Franz Walter Stahlecker

Franz Walter Stahlecker was commander of the SS security forces for the Reichskommissariat Ostland in 1941–42. Stahlecker commanded Einsatzgruppe A, the most murderous of the four Einsatzgruppen active in German-occupied Eastern Europe, he was replaced by Heinz Jost. Stahlecker was born into a wealthy family in Sternenfels on 10 October 1900. From 1919–20 Stahlecker was a member of the Deutschvölkischer Schutz und Trutzbund and the Organisation Consul, he studied at the University of Tübingen, where he obtained a doctorate of law in 1927. On 14 October 1932, he married Luise-Gabriele Freiin von Gültlingen. On 1 May 1932, Stahlecker joined the Nazi Party as well as the SS. On 29 May 1933, he was appointed deputy director of the Political Office of the Württemberg State Police. In 1934, he was appointed head of the Gestapo in the German state of Württemberg and soon assigned to the main office of the Sicherheitsdienst. On 11 May 1937, he became head of the Gestapo in Breslau. After the incorporation of Austria in 1938, Stahlecker became SD chief of the Danube district, a post he retained after being promoted to SS-Standartenführer.

In the summer of 1938, Stahlecker became Inspector of the Security Police in Austria, succeeding Gestapo chief Heinrich Müller in that position. As of 20 August 1938, Stahlecker was the formal head of the Central Agency for Jewish Emigration in Vienna, though its de facto leader was Adolf Eichmann. Differences of opinion with Reinhard Heydrich motivated Stahlecker to move to the Auswärtiges Amt, after which he held posts as the commander of the Security Police and SD in the Protectorate of Bohemia and Moravia under SS-Brigadeführer Karl Hermann Frank. In mid-October 1939, Eichmann and Stahlecker decided to begin implementation of the Nisko Plan. On 29 April 1940, Stahlecker arrived in Oslo, where he held various posts, most notably as commander of about 200 Einsatzgruppe members of the Security Police and SD, he was promoted to SS-Oberführer. He was succeeded in this position in autumn 1940 by Heinrich Fehlis. On 6 February 1941 Stahlecker was promoted to SS-Brigadeführer and Generalmajor der Polizei and took over as commanding officer of Einsatzgruppe A, in hopes of furthering his career with the Reich Main Security Office, Nazi Germany's security police and intelligence organization.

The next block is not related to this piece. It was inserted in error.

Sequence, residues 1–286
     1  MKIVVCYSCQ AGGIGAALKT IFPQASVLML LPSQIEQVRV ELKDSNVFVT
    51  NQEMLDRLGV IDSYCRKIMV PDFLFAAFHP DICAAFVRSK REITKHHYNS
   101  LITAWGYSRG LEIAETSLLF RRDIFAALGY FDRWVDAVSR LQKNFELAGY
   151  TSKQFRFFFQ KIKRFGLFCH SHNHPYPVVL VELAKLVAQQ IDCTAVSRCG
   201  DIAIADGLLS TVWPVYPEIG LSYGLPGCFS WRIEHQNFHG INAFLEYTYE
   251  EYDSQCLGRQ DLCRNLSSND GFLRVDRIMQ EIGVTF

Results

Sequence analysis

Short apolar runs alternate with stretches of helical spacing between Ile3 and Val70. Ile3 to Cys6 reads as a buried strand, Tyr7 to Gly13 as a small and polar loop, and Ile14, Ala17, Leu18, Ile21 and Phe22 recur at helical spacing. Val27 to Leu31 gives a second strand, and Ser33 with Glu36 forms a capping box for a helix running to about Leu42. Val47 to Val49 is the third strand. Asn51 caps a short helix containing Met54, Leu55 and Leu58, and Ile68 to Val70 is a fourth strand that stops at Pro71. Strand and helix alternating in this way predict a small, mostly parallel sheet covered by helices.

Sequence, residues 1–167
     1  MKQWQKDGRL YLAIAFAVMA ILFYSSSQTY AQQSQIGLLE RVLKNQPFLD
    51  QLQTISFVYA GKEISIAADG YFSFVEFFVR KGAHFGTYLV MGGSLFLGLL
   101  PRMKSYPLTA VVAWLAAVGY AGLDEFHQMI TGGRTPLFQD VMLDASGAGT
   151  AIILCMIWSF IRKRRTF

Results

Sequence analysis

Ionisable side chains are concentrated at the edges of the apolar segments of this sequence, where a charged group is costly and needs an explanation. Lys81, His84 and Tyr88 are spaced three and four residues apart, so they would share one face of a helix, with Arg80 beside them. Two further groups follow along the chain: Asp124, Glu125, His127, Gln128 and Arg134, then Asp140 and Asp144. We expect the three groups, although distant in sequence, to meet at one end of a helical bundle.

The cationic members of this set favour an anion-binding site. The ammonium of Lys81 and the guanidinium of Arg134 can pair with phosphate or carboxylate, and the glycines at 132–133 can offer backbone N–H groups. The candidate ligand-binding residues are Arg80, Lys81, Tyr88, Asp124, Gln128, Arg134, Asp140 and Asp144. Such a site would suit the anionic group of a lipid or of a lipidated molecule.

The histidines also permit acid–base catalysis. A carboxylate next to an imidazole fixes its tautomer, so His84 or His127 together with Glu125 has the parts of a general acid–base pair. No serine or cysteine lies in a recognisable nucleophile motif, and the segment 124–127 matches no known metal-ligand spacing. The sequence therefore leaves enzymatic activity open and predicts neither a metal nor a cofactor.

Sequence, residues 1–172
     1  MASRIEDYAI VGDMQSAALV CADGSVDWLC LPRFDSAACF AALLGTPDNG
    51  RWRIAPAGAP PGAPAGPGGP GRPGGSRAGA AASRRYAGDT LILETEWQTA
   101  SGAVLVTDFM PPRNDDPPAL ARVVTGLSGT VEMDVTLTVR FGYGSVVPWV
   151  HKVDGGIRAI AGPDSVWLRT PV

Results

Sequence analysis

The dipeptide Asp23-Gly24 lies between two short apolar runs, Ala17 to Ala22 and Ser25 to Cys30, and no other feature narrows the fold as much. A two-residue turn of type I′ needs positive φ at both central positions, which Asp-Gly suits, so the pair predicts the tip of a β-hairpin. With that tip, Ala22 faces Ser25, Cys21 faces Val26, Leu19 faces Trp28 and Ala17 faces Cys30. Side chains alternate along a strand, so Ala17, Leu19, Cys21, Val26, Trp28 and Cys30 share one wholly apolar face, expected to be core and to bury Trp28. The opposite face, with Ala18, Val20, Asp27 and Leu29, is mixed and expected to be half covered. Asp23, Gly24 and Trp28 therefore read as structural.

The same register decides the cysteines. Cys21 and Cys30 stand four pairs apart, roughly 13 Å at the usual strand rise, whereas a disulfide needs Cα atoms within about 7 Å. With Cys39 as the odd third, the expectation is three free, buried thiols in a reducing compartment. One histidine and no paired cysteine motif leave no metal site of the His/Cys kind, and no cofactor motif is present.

In June 1941, Einsatzgruppe A followed Army Group North and operated in the Baltic states and areas of Russia up to Leningrad. Its mission was to hunt down and murder the Jews, Gypsies and other "undesirables". In a 15 October 1941 report, Stahlecker wrote: Considering that the population of the Baltic countries had suffered heavily under the government of Bolshevism and Jewry while they were incorporated in the USSR, it was to be expected that after the liberation from that foreign government, they would render harmless most of the enemies left behind after the retreat of the Red Army, it was the duty of the Security Police to set in motion these self-cleansing movements, to direct them into the correct channels in order to accomplish the purpose of the cleansing operations as as possible. It was no less important, in view of the future, to establish the unshakeable and provable fact that the liberated populations themselves took the most severe measures against the Bolshevist and Jewish enemy quite on their own, so that the direction by German authorities could not be found out.

In Lithuania this was achieved for the first time by Partisan activities in Kowno. To our surprise it was not easy at first to set in motion an extensive pogrom against Jews. Klimatis, the leader of the partisan unit mentioned above, used for this purpose succeeded in starting a pogrom on the basis of advice given to him by a small advance detachment acting in Kowno, in such a way that no German order or German instigation was noticed from the outside. During the first pogrom on the night of 25-26, the Lithuanian partisans did away with more than 1,500 Jews, set fire to several Synagogues or destroyed them by other means, burned down a Jewish dwelling district consisting of about 60 houses. During the following nights about 2,300 Jews were made harmless in a similar way. By winter 1941, Stahlecker reported to Berlin, he was made Higher SS and Police Leader of Reichskommissariat Ostland, which included the occupied territory of Estonia, Latvia and Belarus, at the end of November 1941. Stahlecker was killed in action on 23 March 1942, by Soviet partisans near Russia.

Heinz Jost assumed command of Einsatzgruppe A. Jelgava massacres Kaunas pogrom Hale, Christopher. Hitler's Foreign Executioners: Europe's Dirty Secret; the History Press. ISBN 978-0-7524-5974-5. Gerwarth, Robert. Hitler's Hangman: The Life of Heydrich. New Haven, CT: Yale University Press. ISBN 978-0-300-11575-8. Longerich, Peter. Heinrich Himmler: A Life. Oxford. ISBN 978-0-19-959232-6

Jonas Troest

Jonas Troest is a Danish professional footballer, who plays as a defender. He is on a free agent, he has played 25 matches for the Danish under-21 national team. Jonas Troest is the older brother of footballer Magnus Troest. Troest started his senior career with B 93 in the secondary Danish 1st Division league. In 2004, he moved to Silkeborg IF in the top-flight Danish Superliga championship. While at Silkeborg, he made his debut for the Danish under-21 national team in September 2004, he moved abroad to play for German Bundesliga club Hannover 96 in January 2006. In May 2006, he was selected to compete for the Danish under-21 national squad at the 2006 European Under-21 Championship, where he played in all Denmark's three matches, he signed with Konyaspor on 2010 Summer. Danish national team profile Jonas Troest at